2. “L’ho perduta! Me meschina!” The pin in Le Nozze di Figaro
Brrrrr! Ok, on to something a bit lighter: Le Nozze di Figaro. This opera buffa is basically one big scheme, and a pin plays a quite important part in it. Susanna, while trying to trick the lustful Count into thinking she’ll meet him in the garden for a tête-a-tête later that night, hands the Count a letter sealed with a pin that he must give back to her as a confirmation of their date. Barbarina is charged with the responsibility of bringing the pin back to Susanna, but she loses it. Despite not quite grasping the significance of the pin, she is devastated and naively tells Figaro of her blunder. Figaro doesn’t realise that Susanna is merely playing an elaborate prank on the Count and gets jealous out of his mind.

There’s a bit of the Otello handkerchief atmosphere going on here, what with all the marital problems and jealousy, but it’s quite obviously played for laughs by Mozart and librettist da Ponte. “L’ho perduta, me meschina” is a much too beautiful and solemn aria to be sung about a silly little pin, and the use of a pin as a prop on stage has great comedic potential: It’s way to small to ever actually be seen from the audience seats. There is also something ridiculously phallic about the image of a pin (consider Burt Bacarach’s song lyrics: “What do you get when you fall in love?/A guy with a pin to burst your bubble”), and indeed Danish director Kasper Holten once staged a version of Figaro in which it was obvious that Barbarina was singing about the loss of, well, her bubble to the Count’s, ahem, pin. Finally, there is the possible slap-stick gag of a character accidentally pricking his finger on the pin, which does in fact happen to the Count as he is first handed Susanna’s note. This causes him to deliver my all-time favourite random throw-away line in an opera:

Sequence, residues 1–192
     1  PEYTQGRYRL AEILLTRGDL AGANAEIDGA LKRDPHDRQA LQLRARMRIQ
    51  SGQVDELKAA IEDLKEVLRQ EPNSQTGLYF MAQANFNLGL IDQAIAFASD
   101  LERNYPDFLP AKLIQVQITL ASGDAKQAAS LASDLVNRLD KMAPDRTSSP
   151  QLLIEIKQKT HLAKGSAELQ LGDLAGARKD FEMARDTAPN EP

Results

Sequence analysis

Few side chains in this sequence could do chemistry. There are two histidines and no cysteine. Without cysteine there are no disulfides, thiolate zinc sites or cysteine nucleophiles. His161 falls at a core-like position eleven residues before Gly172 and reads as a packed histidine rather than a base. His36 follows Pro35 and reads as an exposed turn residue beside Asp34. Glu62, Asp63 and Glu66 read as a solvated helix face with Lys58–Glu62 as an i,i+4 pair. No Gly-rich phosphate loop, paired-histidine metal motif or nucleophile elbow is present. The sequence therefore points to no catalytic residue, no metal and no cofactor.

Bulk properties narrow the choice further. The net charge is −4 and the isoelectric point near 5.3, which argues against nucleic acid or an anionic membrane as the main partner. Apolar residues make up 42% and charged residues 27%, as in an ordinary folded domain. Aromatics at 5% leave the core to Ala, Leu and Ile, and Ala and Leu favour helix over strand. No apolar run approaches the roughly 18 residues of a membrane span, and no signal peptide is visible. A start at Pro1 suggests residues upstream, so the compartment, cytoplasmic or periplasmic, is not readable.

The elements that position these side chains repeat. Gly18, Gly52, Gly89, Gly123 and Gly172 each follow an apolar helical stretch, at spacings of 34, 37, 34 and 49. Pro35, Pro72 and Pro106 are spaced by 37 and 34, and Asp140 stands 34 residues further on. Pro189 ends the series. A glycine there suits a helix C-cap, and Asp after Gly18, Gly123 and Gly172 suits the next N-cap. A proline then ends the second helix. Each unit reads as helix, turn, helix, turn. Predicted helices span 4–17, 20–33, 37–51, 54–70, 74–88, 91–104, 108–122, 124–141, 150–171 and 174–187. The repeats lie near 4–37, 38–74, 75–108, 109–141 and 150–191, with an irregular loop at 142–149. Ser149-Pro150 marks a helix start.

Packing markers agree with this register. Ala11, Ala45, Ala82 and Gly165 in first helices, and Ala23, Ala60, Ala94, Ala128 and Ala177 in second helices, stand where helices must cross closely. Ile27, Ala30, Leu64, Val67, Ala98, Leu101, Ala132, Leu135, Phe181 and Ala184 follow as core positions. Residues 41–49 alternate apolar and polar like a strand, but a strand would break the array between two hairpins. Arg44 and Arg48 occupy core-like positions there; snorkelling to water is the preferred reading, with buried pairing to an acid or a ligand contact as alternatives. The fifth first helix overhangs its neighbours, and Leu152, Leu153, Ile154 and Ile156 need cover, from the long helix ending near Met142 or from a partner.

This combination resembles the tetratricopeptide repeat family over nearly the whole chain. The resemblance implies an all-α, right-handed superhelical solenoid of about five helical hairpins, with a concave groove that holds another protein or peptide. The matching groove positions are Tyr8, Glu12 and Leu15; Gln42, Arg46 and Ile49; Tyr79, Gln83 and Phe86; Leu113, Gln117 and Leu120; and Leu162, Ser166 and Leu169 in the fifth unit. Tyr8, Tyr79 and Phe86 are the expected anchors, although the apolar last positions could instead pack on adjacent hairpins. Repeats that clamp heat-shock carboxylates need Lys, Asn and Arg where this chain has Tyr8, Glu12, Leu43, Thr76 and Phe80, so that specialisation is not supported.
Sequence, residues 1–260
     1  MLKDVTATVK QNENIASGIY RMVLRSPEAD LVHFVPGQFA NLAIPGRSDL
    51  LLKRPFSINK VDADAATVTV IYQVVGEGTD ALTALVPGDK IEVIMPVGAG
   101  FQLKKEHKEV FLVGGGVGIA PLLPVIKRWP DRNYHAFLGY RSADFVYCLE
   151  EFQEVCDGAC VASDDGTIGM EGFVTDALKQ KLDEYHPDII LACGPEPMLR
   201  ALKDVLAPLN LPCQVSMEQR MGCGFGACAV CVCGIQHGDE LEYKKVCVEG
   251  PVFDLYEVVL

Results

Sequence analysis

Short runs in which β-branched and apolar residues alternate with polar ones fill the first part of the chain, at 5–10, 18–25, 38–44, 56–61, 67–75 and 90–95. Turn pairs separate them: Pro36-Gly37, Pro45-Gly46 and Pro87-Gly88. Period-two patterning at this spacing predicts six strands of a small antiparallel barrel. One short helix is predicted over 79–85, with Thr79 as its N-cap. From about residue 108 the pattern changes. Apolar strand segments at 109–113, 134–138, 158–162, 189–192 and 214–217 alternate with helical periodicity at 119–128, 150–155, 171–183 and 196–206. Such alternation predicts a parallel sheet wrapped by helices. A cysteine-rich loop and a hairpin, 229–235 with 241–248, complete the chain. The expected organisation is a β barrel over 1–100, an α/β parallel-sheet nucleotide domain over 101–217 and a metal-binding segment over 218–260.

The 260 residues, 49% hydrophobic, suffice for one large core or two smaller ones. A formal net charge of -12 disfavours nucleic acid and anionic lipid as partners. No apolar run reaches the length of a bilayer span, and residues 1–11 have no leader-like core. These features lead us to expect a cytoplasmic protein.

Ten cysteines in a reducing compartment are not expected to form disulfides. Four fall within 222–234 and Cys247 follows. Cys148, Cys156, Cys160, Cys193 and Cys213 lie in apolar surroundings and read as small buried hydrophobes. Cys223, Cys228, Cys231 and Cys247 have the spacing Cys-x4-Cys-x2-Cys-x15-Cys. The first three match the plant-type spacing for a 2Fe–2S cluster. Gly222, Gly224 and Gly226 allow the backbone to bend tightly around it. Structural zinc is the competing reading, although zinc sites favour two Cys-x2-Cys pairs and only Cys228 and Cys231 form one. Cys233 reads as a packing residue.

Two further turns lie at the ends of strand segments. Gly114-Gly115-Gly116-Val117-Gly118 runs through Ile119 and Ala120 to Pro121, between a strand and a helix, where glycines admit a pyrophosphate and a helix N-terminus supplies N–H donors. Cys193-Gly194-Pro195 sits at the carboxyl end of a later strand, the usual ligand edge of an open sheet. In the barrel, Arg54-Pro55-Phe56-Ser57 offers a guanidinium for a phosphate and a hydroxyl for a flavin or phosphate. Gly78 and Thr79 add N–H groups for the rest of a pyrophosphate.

“Ugh, women are always putting pins everywhere!”

1. The embroidered jersey – Peter Grimes
The one opera prop that truly gets to me, however, is the knitted jersey from Benjamin Britten’s Peter Grimes. Ellen Orford and Grimes’ friend Balstrode find a small jersey that has washed up on shore, and by its special ornamental embroidery Ellen recognises it as a jersey she knitted for Grimes’ young boy apprentice. Grimes’ previous apprentice died in accidental circumstances, and Balstrode and Ellen Orford have tried hard to defend Grimes against the claims that Grimes was responsible, but the washed up jersey forces them to face the fact that Grimes has, whether wittingly or not, brought death upon yet another child.

Embroidery in childhood was
A luxury of idleness.
A coil of silken thread giving
Dreams of a silk and satin life.